South African President Jacob Zuma marked World AIDS Day today by recognizing the gravity of the HIV/AIDS epidemic in his country, and announcing a new policy to treat all HIV-positive babies under the age of one. He also said that drug treatment of pregnant women would begin earlier, in line with new treatment guidelines issued only yesterday by the World Health Organization.
His speech stands as a refreshing counterpoint to the views of his predecessor, Thabo Mbeki who was known for his AIDS-denialism and for retaining ‘Dr. Beetroot’ Manto Tshabalala-Msimang as his health minister. As Nature Medicine has reported, she is renowned for advocating lemon juice, garlic and beet root as a treatment. Mbeki’s lax approach to HIV/AIDS treatment contributed to more than 330,000 premature deaths, according to a pair of recent studies.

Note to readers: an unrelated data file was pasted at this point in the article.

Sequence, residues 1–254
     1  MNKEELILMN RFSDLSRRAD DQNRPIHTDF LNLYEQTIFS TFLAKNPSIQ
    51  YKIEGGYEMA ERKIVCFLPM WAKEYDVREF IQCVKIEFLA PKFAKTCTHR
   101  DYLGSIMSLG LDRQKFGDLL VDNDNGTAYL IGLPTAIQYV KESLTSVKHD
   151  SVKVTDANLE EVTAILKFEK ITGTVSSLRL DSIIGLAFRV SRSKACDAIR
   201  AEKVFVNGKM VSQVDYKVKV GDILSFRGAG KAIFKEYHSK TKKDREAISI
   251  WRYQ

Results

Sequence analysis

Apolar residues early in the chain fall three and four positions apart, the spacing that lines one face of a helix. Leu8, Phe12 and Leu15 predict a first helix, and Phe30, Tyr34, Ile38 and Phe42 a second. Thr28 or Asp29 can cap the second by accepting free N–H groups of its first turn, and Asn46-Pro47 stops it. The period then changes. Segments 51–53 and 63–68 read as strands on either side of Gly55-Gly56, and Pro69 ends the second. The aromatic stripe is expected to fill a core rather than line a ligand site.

The country remains the hardest hit in the world: 5.7 million have been diagnosed with the virus, and more than 2.4 million children so far have been orphaned by the disease.
Zuma did not lay out how the country will pay for the new roll-out of anti-retroviral drugs, which currently reach 700,000 HIV-positive people in South Africa. But the US also today pledged to contribute $120 million to the effort over the next two years, on top of the hundreds of millions donated to the country for HIV/AIDS efforts each year, largely through PEPFAR.
Zuma also said he would himself get tested for HIV, an announcement that carries a lot of clout in a country where many fail to get tested.
“We need extraordinary measures to reverse the trends we are seeing in the health profile of our people,” he said.
Image: Wikimedia Commons